Lac Bay on the southeastern side of the island is a shallow bay protected from the open ocean by a fringing reef at its mouth. The only significant mangrove habitat (about 100 ha) on the island is located here. A small resort and two windsurfing centres are located on the south side of the bay and there is a small harbor for small fishing vessels (that fish outside of the bay) with a set of buildings and a bar/restaurant on the north side of the mouth of the bay. Scattered farms and homes ring the edge in the northwest corner of the IBA. The bay has become popular for a variety of recreational watersports (jet-skis and kite-surfing are banned) and for guided naturalist kayak trips among the mangroves.
Numbers of Greater Flamingo at Lac Bay regularly but less frequently exceed (several times per year) the 200 threshold.
meets 1% global threshold for Yellow-shouldered Amazon (important roost location)
• meets or nearly meets 1% regional threshold for Greater Flamingo, Least Tern
Snowy Plover 14 adults at Lac Bay in 2001. Wilson’s Plover - The largest concentration noted in 2001 survey was of 8-10 adults at Lac Bay. Least Tern – Lac Bay was estimated to hold at least 30 adults in July 2001.
Area was known to host a roost of approximately 100 Yellow-shouldered Amazons in Sept/Oct 2001.
Lac Bay has historically been known to host breeding herons and egrets including Tricolored Heron, Reddish Egret, and Snowy Egret and likely Yellow-crowned Night-Heron. It is also the location of a night roost of Magnificent Frigatebird that historically is said to have sometimes numbered over 100 birds. On at least one occasion 10-15 adult male Magnificent Frigatebirds were seen displaying and defending territories in mangroves at Lac but no confirmed breeding. Up to 500 Black-necked Stilts have been observed in mangroves at the southern side of Lac Bay and small numbers undoubtedly breed here as well. The area is an important feeding area for non-breeding shorebirds of a variety of species including Semipalmated Plover, Black-bellied Plover, Red Knot, Sanderling, Semipalmated Sandpiper, Least Sandpiper, Short-billed Dowitcher, Hudsonian Godwit, Whimbrel, Ruddy Turnstone and Willet.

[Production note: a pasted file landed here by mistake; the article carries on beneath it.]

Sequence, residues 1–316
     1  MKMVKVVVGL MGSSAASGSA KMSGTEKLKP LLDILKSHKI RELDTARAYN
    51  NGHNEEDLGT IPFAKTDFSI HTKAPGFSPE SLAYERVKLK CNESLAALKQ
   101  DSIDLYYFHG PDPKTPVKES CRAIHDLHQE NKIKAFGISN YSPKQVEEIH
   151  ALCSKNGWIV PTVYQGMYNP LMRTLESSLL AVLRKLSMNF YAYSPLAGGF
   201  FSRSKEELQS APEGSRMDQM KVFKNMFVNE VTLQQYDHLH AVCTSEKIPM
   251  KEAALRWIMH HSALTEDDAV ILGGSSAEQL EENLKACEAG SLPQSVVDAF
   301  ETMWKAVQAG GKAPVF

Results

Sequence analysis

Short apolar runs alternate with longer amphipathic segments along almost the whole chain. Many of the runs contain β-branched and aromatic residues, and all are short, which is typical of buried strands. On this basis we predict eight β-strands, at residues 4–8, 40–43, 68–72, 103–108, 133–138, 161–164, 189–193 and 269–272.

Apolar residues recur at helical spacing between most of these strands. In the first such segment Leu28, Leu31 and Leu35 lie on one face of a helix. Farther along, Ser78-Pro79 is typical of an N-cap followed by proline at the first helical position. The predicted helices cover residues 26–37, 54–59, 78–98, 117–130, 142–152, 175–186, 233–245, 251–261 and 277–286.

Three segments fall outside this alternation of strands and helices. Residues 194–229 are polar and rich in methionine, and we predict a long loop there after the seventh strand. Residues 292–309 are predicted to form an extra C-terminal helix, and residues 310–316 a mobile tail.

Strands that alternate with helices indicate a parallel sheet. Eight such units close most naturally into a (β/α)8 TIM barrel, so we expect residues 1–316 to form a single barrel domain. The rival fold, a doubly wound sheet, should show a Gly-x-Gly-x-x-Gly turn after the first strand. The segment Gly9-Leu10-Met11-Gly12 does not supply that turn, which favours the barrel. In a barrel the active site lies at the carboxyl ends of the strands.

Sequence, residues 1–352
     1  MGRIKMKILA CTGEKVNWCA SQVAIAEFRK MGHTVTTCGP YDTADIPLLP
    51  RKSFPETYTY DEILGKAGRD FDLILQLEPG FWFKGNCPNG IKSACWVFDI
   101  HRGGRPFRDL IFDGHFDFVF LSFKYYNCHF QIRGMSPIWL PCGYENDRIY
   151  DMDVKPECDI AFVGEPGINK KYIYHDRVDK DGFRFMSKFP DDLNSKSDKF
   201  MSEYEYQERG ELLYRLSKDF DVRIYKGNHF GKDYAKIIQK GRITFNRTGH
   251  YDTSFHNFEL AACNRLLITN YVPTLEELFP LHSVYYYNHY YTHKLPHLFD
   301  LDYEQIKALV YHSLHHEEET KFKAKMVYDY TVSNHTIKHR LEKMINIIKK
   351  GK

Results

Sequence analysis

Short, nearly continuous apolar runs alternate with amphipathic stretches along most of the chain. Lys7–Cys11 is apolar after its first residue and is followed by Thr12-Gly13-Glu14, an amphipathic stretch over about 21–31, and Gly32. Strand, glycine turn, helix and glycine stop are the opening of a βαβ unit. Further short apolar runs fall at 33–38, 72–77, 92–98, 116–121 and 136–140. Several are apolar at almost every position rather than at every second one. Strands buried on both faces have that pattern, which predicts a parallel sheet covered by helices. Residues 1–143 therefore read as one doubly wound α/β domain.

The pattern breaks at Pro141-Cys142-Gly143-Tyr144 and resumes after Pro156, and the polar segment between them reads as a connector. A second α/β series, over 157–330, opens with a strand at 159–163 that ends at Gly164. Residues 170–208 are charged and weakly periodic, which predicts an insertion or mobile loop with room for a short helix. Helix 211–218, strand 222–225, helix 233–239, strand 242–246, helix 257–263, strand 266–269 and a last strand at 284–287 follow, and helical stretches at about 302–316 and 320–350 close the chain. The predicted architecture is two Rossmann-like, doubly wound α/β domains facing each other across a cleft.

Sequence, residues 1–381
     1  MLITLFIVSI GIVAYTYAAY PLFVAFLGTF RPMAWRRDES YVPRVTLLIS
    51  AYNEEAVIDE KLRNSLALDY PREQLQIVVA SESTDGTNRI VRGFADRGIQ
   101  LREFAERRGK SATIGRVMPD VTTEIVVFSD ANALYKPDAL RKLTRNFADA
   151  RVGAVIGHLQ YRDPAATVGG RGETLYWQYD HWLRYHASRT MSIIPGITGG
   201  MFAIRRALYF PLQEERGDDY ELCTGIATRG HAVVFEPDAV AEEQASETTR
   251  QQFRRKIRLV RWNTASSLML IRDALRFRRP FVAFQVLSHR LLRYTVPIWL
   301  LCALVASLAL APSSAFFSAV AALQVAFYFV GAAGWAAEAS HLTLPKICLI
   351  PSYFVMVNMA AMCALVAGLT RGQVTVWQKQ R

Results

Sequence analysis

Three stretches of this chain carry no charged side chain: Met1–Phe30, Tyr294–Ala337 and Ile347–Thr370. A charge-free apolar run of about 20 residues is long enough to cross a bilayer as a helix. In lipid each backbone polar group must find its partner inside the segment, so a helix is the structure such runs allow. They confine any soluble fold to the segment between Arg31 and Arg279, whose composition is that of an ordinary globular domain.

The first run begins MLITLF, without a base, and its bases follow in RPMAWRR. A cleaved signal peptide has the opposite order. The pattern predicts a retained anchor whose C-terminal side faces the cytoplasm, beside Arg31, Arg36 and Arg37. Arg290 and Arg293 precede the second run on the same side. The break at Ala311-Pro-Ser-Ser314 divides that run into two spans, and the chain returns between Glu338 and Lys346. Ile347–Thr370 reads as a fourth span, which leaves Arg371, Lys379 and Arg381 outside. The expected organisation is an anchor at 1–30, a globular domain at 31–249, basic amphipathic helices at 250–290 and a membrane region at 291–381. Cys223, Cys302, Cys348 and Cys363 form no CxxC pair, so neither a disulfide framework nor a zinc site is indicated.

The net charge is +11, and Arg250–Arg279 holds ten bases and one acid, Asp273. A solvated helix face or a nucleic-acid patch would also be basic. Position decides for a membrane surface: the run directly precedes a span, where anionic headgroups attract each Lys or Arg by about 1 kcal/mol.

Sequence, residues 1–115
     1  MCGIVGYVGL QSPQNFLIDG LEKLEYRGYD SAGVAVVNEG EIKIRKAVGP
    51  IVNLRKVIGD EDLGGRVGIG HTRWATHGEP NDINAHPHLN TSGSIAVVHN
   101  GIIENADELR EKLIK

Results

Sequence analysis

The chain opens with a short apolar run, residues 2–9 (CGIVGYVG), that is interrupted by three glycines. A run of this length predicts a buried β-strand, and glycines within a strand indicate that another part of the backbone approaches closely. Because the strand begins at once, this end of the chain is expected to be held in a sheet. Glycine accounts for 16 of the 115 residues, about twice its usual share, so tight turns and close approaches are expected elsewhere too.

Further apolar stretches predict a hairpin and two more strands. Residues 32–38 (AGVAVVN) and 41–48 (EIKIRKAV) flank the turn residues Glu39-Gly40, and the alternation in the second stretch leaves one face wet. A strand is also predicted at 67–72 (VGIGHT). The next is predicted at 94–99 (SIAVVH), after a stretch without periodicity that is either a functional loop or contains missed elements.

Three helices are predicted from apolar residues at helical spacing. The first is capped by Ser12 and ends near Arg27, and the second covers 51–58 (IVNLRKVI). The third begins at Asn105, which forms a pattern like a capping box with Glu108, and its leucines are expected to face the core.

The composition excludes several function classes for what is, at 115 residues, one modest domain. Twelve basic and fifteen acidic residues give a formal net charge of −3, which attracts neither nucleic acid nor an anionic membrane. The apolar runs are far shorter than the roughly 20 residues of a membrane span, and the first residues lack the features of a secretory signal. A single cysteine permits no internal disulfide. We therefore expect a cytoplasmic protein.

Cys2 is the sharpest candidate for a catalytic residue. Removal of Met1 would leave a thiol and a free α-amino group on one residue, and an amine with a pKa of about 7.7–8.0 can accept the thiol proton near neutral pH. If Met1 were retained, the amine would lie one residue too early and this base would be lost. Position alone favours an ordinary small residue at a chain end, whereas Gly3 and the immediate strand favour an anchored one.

Non-bird biodiversity: The lagoon is important as nursery habitat for various reef fishes and the CITES listed queen conch and contains seagrass beds used by sea turtles. Several scientific papers available on reef fish, algae, sea turtles.
Habitat and land use
Under the shallow seaward waters of the bay there is an important sea grass bed dominated by Thalassia testudinum. On the landward side but still in tidal waters the vegetation is dominated by Rhizophora mangle (red mangrove) with increasing amounts of Avicennia germinans black mangrove) and Laguncularia racemesa (white mangrove) as one moves more landward. On the north side of the bay on the inland side there are large expanses of open salt flats and small salinas that sometimes have water in them. Vegetation here though often patchy is usually of low-growing salt-tolerant herbaceous plants like Sesuvium portulacastrum (Sea purslane) and Salicornia perennis.
Pressure/threats to key biodiversity
Greatest potential threats probably from pollution and increased nutrient loading from septic leaching and increased sedimentation from, land clearing and poor construction practices, especially from hotel development. Lac Bay has also seen greatly increased recreational use of the area by windsurfers, kayakers, and snorkelers, activities which may cause disturbance of foraging flamingos and other birds though this has not been carefully documented. Roost sites for Yellow-shouldered Amazons and other birds should be carefully mapped out to ensure that they are within areas protected from cutting since this could be a threat if they lie outside such areas.
Conservation responses/actions for key biodiversity
Through STINAPA and the Marine Park, a multiyear management and education program for Lac Bay was undertaken with funding from WWF Holland, focused on addressing concerns including overexploitation of conch, continued exploitation of turtle, balancing of user interests in Lac, and ensuring the integrity of the seagrass and mangrove systems. There are significant reef monitoring programs, education programs for local school children around marine biology and conservation and issues like recycling, and sea turtle monitoring, research, and conservation programs.
Underwater portion is protected with Bonaire National Marine Park with specific regulations related to activities within the area and use of natural resources including mangroves. Has been proposed to become formally part of National Park system. Lac Bay is a recognized RAMSAR site as well.